Kazakhstan's long-serving prime minister said Friday that his Central Asian country will move gradually toward greater political liberalization and downplayed international criticism of this week's parliamentary election.
Karim Masimov spoke shortly after newly elected deputies assembled for the first time since the election that saw the ruling Nur Otan party's control of the Majlis, or lower house, fall from 100 percent to 89 percent.
Deputies from three parties were sworn in at an official ceremony overseen by the oil-rich former Soviet nation's powerful veteran president, Nursultan Nazarbayev.
Monitors from the Organization for Security and Cooperation in Europe expressed substantial misgivings over the conduct of Sunday's election, saying the vote count lacked transparency.
Masimov said in an interview with The Associated Press that he respected the views of the OSCE and that Kazakhstan would continue working to improve standards.
"For the next election we will make the necessary steps to be close to international standards, but at the same time I, as the prime minister, strongly believe that we did have free-and-fair elections," he said, speaking in English.
Nur Otan's commanding victory in the elections gave it control of 83 of the lower house's 107 seats. The pro-business Ak Zhol and the People's Communist Party have eight and seven deputies, respectively. Nine deputies were appointed by a presidential advisory body.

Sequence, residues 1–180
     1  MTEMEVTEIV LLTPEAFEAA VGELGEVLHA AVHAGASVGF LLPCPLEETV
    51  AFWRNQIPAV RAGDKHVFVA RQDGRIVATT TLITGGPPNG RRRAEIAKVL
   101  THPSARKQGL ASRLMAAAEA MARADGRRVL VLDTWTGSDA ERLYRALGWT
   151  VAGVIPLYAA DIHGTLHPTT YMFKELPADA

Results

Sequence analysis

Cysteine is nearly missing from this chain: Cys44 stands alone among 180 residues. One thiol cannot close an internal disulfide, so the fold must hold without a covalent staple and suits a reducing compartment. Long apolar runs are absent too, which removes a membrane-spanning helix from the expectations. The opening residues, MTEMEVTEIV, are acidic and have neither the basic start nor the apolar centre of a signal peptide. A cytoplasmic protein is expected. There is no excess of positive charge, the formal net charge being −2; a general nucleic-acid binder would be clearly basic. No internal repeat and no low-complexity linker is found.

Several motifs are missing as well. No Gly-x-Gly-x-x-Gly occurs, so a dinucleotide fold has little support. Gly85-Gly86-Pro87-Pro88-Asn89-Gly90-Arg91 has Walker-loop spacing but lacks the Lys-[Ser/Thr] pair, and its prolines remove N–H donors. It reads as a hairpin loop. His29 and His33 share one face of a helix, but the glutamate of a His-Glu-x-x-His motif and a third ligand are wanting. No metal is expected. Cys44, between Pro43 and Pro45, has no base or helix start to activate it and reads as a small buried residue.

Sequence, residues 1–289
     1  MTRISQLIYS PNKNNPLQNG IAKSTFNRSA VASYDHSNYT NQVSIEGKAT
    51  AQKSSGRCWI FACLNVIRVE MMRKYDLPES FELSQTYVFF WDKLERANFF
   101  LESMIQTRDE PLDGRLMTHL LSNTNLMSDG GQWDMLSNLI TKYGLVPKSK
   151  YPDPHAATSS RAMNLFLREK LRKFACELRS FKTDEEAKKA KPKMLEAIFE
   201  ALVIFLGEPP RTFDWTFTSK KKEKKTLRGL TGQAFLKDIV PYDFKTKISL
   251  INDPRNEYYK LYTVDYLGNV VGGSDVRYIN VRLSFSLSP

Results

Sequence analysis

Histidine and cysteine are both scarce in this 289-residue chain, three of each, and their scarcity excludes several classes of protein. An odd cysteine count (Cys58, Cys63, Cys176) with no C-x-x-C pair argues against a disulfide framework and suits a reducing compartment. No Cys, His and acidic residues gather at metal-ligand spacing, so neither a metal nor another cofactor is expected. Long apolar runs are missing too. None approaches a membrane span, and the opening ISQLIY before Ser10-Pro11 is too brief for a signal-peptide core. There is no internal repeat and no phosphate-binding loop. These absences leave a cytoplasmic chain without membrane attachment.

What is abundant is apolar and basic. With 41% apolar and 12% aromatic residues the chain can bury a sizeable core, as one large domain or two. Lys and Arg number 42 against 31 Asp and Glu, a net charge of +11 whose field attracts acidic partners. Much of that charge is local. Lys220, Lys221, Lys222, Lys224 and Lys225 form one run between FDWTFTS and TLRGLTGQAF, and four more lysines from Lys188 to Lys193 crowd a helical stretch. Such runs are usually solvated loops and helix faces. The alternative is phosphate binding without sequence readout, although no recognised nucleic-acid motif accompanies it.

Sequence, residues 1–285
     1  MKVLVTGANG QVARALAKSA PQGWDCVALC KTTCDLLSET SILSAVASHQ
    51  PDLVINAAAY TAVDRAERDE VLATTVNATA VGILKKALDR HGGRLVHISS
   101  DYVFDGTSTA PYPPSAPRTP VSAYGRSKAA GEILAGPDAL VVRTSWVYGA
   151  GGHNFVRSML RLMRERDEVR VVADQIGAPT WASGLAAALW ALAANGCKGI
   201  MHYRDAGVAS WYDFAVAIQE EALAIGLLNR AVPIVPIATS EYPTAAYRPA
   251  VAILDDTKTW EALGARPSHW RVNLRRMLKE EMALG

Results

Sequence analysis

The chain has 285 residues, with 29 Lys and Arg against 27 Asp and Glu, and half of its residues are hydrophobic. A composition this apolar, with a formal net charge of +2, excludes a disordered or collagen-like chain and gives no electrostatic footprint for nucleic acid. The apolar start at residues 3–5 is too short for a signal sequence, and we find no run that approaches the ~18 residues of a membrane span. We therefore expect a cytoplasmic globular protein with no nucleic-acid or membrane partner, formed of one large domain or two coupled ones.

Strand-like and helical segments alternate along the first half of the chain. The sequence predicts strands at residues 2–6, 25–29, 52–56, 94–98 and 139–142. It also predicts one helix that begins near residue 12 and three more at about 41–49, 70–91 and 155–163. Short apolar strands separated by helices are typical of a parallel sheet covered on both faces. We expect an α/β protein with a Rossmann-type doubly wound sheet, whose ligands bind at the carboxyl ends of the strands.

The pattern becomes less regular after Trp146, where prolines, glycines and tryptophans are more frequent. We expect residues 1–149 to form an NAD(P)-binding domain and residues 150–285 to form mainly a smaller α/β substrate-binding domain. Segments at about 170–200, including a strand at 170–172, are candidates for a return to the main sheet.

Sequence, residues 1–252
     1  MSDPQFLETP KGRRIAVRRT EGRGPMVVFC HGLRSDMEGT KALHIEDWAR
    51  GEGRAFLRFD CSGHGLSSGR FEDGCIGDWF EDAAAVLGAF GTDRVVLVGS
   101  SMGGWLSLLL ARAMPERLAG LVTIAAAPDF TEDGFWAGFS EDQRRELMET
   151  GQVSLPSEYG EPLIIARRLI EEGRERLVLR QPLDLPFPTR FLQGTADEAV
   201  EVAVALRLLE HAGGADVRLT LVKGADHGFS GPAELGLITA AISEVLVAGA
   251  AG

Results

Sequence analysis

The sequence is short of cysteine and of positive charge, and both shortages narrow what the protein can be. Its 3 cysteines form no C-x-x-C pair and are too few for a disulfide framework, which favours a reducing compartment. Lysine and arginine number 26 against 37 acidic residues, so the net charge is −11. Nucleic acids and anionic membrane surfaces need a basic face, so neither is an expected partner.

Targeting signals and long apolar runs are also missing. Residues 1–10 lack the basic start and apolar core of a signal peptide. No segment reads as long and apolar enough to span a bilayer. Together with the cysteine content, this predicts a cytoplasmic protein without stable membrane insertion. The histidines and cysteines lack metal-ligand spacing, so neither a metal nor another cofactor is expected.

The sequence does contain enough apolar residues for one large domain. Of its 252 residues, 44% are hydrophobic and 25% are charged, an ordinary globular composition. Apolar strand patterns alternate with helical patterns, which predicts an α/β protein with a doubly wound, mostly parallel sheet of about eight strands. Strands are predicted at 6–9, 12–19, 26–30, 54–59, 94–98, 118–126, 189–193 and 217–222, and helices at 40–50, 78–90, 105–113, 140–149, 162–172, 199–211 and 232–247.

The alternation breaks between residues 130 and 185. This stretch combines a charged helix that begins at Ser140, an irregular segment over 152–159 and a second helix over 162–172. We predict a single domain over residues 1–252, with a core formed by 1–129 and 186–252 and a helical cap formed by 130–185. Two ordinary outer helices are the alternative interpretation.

The more militant wings of the opposition insist they have been denied a fair attempt at gaining even a foothold in parliament.
In its first session, parliament reconfirmed Masimov as prime minister, putting an end to speculation that Nazarbayev might appoint a new head of government.
Masimov has held the country's No. 2 post since 2007, making him the longest-serving prime minister since Kazakhstan gained independence in 1991.
An urbane polyglot with a command of several languages _ including English, Chinese and Turkish _ Masimov is liked by international investors and widely credited with steering the country through a downturn caused by the global economic crisis.
Masimov said political reforms are necessary if Kazakhstan is to further grow its economy, which has expanded at a robust pace over the past decade, with a brief interlude during the height of the crisis.
The government's oft-stated aim is for the country to shed its reputation as a middling economy dependent on its low labor costs and oil, gas and mineral exports for growth.
Masimov said authorities will soon look to give more power to local authorities in Kazakhstan _ a sparsely populated nation of 17 million that spans an area almost four times the size of Texas and shares long borders with China and Russia.
"In a few months we will make a concrete proposal how to advance forward," he said.
Kazakhstan is still reeling from a rare outburst of discontent and violence in December in the western oil town of Zhanaozen. A protest by oil workers who had been fired after striking for better pay degenerated into clashes with police who opened fire. At least 16 people were killed, and the bloodshed set off a riot in another town where police killed one person.
The discontent underlying that violence highlighted the risk of economic stagnation in some regions stemming from excess dependence on the energy sector.
Masimov said Zhanaozen would serve as a lesson to avoid a similar outcomes in other one-industry towns.